How do we succeed in putting our ideas into words, so that another person can understand them? This complex undertaking involves translating an idea into a one-dimensional sequence, a string of words to be read or spoken one after the other. Of course the person on the receiving end might not get the intended point: The effective expression of ones ideas is considered an art, or at least a desirable and important skill.
A team of scientists that included physicists and language researchers at the Weizmann Institute of Science recently investigated this process by applying scientific methods to some of our cultures most successful models for effective transfer of ideas – classic writings that, by common agreement, get their messages across well. They created mathematical tools that allowed them to trace the development of ideas throughout a book.
The international team included Prof. Elisha Moses of the Weizmann Institutes Physics of Complex Systems Department and Prof. Jean-Pierre Eckmann, a frequent visitor from the University of Geneva, as well as postdoctoral fellow Enrique Alvarez Lacalle and research student Beate Dorow from the University of Stuttgart. The paper describing their research was recently published in the Proceedings of the National Academy of Sciences (PNAS).
New Technologies for A/V Analysis and Search
13.04.2017 | Fraunhofer-Institut für Digitale Medientechnologie IDMT
On patrol in social networks
25.01.2017 | Fraunhofer-Institut für Arbeitswirtschaft und Organisation IAO
Plants and algae use the enzyme Rubisco to fix carbon dioxide, removing it from the atmosphere and converting it into biomass. Algae have figured out a way to increase the efficiency of carbon fixation. They gather most of their Rubisco into a ball-shaped microcompartment called the pyrenoid, which they flood with a high local concentration of carbon dioxide. A team of scientists at Princeton University, the Carnegie Institution for Science, Stanford University and the Max Plank Institute of Biochemistry have unravelled the mysteries of how the pyrenoid is assembled. These insights can help to engineer crops that remove more carbon dioxide from the atmosphere while producing more food.
A warming planet
Our brains house extremely complex neuronal circuits, whose detailed structures are still largely unknown. This is especially true for the so-called cerebral cortex of mammals, where among other things vision, thoughts or spatial orientation are being computed. Here the rules by which nerve cells are connected to each other are only partly understood. A team of scientists around Moritz Helmstaedter at the Frankfiurt Max Planck Institute for Brain Research and Helene Schmidt (Humboldt University in Berlin) have now discovered a surprisingly precise nerve cell connectivity pattern in the part of the cerebral cortex that is responsible for orienting the individual animal or human in space.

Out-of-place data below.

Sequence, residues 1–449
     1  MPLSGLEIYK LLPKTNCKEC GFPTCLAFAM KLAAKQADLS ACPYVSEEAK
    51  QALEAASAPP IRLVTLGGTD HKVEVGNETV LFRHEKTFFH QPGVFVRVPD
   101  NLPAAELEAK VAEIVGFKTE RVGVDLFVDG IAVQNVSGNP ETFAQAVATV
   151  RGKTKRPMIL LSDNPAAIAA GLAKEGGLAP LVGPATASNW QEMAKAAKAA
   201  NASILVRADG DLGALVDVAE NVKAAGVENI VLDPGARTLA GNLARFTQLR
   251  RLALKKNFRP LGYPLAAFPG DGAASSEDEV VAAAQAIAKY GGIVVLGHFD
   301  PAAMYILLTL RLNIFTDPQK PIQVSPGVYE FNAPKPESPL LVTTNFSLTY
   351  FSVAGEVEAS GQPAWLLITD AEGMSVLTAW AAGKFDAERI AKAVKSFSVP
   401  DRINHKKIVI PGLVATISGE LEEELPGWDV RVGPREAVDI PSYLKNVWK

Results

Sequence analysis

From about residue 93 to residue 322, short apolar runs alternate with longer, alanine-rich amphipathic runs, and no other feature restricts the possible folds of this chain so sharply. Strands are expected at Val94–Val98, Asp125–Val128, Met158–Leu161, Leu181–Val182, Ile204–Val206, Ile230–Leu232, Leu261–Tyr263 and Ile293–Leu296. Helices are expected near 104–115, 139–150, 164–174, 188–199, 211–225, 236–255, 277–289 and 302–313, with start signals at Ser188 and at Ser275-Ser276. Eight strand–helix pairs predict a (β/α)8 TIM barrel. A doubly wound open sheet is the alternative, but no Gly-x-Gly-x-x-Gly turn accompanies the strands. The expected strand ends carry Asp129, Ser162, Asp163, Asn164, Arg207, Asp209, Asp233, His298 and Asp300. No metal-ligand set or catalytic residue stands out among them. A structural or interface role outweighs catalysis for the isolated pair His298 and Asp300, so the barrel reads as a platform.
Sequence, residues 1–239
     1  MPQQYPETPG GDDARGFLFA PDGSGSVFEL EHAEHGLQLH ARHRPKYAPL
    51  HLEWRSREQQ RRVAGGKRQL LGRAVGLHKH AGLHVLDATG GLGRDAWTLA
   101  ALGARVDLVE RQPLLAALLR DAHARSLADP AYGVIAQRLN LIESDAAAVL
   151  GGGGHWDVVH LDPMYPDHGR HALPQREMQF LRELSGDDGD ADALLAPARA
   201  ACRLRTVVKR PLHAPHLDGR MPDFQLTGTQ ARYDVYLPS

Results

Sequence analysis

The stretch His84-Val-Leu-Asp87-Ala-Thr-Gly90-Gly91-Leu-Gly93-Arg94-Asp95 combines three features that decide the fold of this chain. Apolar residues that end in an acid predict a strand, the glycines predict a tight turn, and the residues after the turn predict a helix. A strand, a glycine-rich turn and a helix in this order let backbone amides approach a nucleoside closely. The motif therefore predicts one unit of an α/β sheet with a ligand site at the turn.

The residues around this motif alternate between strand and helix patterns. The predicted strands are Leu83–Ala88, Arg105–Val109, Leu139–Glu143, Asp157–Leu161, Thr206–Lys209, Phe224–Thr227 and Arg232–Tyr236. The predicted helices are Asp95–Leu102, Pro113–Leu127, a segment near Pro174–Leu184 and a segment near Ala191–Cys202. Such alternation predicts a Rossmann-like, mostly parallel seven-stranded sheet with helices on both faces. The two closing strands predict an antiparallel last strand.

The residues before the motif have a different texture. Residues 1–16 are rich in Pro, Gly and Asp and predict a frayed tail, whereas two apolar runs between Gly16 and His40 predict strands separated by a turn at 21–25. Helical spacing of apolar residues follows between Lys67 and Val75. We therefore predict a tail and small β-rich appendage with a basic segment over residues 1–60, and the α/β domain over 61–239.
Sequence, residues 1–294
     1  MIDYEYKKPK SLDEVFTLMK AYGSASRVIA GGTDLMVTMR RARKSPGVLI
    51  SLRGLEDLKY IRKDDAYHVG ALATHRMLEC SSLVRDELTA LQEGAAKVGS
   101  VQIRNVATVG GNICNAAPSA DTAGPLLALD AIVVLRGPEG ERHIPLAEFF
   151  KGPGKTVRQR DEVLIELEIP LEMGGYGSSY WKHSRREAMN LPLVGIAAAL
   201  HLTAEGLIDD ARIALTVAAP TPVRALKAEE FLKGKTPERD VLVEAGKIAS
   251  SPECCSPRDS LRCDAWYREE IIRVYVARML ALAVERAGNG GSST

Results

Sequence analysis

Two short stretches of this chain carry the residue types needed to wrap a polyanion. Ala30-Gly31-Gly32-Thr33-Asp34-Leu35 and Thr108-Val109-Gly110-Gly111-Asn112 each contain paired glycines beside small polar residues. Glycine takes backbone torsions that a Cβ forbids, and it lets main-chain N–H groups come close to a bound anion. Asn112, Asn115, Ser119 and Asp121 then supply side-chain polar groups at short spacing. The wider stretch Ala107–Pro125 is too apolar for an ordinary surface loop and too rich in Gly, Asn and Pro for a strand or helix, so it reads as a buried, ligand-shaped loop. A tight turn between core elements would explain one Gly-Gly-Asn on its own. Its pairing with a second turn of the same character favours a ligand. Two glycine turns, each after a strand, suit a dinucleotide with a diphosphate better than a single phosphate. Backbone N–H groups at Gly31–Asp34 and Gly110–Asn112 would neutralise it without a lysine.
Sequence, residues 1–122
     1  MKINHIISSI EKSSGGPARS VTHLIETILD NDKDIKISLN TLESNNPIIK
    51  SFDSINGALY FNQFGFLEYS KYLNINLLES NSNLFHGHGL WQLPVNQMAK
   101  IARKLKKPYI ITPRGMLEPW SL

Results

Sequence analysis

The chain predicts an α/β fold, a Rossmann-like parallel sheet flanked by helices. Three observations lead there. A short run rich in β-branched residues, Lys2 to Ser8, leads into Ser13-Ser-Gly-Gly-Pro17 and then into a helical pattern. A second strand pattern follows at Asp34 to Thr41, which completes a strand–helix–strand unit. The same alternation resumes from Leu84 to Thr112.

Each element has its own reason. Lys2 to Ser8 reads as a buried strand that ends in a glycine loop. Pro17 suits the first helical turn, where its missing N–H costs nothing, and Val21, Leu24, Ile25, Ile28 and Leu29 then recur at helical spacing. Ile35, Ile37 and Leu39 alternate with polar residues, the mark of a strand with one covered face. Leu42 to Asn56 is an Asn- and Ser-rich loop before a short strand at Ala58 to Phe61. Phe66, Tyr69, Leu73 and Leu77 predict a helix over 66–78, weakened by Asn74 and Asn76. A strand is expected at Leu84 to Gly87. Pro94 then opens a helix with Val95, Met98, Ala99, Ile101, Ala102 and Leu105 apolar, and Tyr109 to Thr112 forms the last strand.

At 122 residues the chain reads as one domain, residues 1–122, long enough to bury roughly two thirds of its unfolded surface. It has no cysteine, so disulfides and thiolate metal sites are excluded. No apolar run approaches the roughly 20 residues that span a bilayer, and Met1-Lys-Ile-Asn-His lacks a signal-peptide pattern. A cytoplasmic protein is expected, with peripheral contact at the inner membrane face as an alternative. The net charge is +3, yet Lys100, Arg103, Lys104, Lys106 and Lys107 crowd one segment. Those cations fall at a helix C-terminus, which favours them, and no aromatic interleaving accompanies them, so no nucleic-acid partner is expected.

The researchers report online in Nature (Schmidt et al., 2017. Axonal synapse sorting in medial entorhinal cortex, DOI: 10.1038/nature24005) that synapses in...
Whispering gallery mode (WGM) resonators are used to make tiny micro-lasers, sensors, switches, routers and other devices. These tiny structures rely on a...
Using ultrafast flashes of laser and x-ray radiation, scientists at the Max Planck Institute of Quantum Optics (Garching, Germany) took snapshots of the briefest electron motion inside a solid material to date. The electron motion lasted only 750 billionths of the billionth of a second before it fainted, setting a new record of human capability to capture ultrafast processes inside solids!
When x-rays shine onto solid materials or large molecules, an electron is pushed away from its original place near the nucleus of the atom, leaving a hole...
For the first time, physicists have successfully imaged spiral magnetic ordering in a multiferroic material. These materials are considered highly promising candidates for future data storage media. The researchers were able to prove their findings using unique quantum sensors that were developed at Basel University and that can analyze electromagnetic fields on the nanometer scale. The results – obtained by scientists from the University of Basel’s Department of Physics, the Swiss Nanoscience Institute, the University of Montpellier and several laboratories from University Paris-Saclay – were recently published in the journal Nature.
Multiferroics are materials that simultaneously react to electric and magnetic fields. These two properties are rarely found together, and their combined...
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